Thursday, August 21, 2014


“Good Morning!" said Bilbo, and he meant it....

"What do you mean?" said Gandalf. "Do you wish me a good morning, or mean that it is a good morning whether I want it or not; or that you feel good this morning; or that it is a morning to be good on?"

"All of them at once," said Bilbo.

      The Hobbit

A very clever monkey can sometimes work out that if he makes the sign for "want" and the sign for "banana" there is a very good chance that his keeper will give him a banana. 

But human language is more complicated than that. A group of words means something different from what those words mean individually. And that meaning can't be found on a look-up table. It has to do with who is speaking, and who is listening, and where the conversation is happening, and in what tone of voice, and what was said earlier in the conversation, and what was meant by that particular group of words the last 99 times someone said them.

What do the words "I am going to make you an offer you can't refuse" mean?

1: I am going to make you an offer you can't refuse
2: I am going to kill your favourite horse and put the severed head on your pillow
3: I am big fan of 1970s gangster movies

I assume that the answer is "All of them together".

Hobbits understand this kind of thing. Wizards, monkeys and biologists seem not to. Wizards pretend that they can only hear the literal meaning of what you say to them. Words mean what words mean and nothing else. Teach these boys and girls facts; facts alone are what is wanted in life. Try telling a Wizard that, at the end of the day, what makes a good school is happy children and devoted teachers, and the Wizard will ask if those things are not equally important in the morning? (I have mentioned Mr Simon Heffer's guide to the English language before in these column. It is very funny indeed.)

A sensible person might perfectly well criticize "at the end of the day" on stylistic grounds: it's a cliché, it calls to mind a particular kind of sports journalists, and my comment would read better if I'd found a fresher way of expressing it. But at the end of the day, the reality is that the vast majority of people up and down the country would understand perfectly what you meant. ("We could have a very long discussion about what makes a good school, and that discussion would go on all day, but I feel sure that we would eventually reach the following conclusion....") Only a wizard could be confused by it. 

If I were to say "Hello, hello, hello: what's all this then?" I think that most Hobbits would be able to work out what the words mean. They mean something like "I have noticed you, and I want to make it clear that I am keeping and eye on you, although you haven't done anything wrong so far." But if someone does say that, it's most unlikely that that is what they mean. The words, taken together, send out a sort of signal, and they signify something along the lines of: "I am a very old fashioned police officer." But it is most unlikely that they mean that, either. Most likely, they are signalling something like "I am a character in a play which is so old fashioned that the policemen still use this kind of cliché," or, more succinctly, "Ladies and gentlemen, please do not take this play too seriously."  You can't find this out by looking up the word "Hello" in the dictionary, or studying its etymology. You can only find it out by knowing about plays and policemen. The words don't mean what they mean. There isn't anything but social context.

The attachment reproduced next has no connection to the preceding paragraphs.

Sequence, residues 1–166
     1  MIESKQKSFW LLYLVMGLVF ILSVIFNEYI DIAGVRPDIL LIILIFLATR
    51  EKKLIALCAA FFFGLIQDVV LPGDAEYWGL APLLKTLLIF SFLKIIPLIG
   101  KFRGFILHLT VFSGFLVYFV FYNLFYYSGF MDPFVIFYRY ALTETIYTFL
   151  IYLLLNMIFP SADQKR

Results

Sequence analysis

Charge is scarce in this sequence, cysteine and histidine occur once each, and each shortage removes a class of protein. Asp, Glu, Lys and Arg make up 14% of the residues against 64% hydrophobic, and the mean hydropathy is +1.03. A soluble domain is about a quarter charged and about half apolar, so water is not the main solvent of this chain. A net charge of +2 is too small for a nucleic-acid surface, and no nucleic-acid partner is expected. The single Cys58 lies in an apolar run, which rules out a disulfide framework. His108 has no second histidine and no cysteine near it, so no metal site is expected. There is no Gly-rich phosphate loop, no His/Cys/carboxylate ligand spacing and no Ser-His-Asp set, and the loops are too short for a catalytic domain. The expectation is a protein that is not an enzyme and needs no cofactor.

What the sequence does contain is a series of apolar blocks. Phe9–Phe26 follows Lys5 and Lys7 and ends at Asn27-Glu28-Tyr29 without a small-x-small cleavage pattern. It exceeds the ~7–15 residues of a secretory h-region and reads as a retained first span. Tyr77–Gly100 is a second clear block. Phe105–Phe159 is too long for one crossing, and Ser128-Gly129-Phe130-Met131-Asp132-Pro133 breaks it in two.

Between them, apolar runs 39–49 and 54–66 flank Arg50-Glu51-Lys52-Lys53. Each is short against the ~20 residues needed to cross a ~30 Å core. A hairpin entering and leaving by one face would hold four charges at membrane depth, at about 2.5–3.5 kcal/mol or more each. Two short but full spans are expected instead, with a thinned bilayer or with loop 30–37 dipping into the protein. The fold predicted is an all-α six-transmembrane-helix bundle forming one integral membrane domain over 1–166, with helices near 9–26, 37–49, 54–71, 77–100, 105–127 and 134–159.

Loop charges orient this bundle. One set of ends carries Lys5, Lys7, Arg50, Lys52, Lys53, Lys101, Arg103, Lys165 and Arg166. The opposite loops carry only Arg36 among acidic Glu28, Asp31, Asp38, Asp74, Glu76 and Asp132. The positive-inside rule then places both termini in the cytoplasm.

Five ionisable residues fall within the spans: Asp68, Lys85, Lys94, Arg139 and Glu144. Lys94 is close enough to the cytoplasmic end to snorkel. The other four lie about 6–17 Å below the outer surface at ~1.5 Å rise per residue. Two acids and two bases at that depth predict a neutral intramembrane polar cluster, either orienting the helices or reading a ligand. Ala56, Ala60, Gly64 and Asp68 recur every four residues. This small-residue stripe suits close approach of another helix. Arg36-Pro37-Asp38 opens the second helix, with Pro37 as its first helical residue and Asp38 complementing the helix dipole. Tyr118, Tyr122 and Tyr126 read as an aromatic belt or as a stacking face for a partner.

People sometimes use the expression "dog whistles" to describe the practice of planting phrases, innocuous in themselves, into political speeches, which the specific intention of signalling "I am on your side" to a particular segment of their audience. The late Michael Gove communicated almost entirely in signals of this kind. His actual theories about faith schools, classroom management and the examination system were more or less irrelevant: but speeches which contained words like "detention...lines...prefects...latin...eleven entrance exam" signaled to some of his listeners "I am an old fashioned, nostalgic chap who thinks that everything was better in the olden days. Please make me leader of the Conservative Party." 

It may sometimes happen that someone accidentally sends out a signal of this kind without really meaning to. If you do this, the best thing to do is to say "Whoops, sorry, that wasn't what I meant at all". (If the speaker does this, the best thing for everybody else to do is to assume he's telling the truth.) Perhaps I am convinced that a group of Jewish people in Bristol are planning to vote together at a PTA meeting to make local schools celebrate Hanukkah instead of Christmas. Perhaps I am right. Stranger things have happened. But it would be silly of me to describe the situation as a "Jewish conspiracy". Because the words "Jewish" and "Conspiracy" together signal "I believe in a secret Zionist plot to rule the universe" or more succinctly "I am a racist idiot." 

"Oh, Andrew, so now I am a racist for pointing out that Mr Abrahams and Mr Cohen and Mr Joseph always vote together at school board meetings? But it's true. I can prove that it's true."

I daresay you can. But, by accident or design, you chose to use antisemitic language to express yourself. If it was by accident, then apologize and rephrase your concern using a less loaded phrase. Otherwise, I will continue to believe that you are a racist idiot. Or, at any rate, a wizard.

Read: Where Dawkins Went Wrong --  The Book

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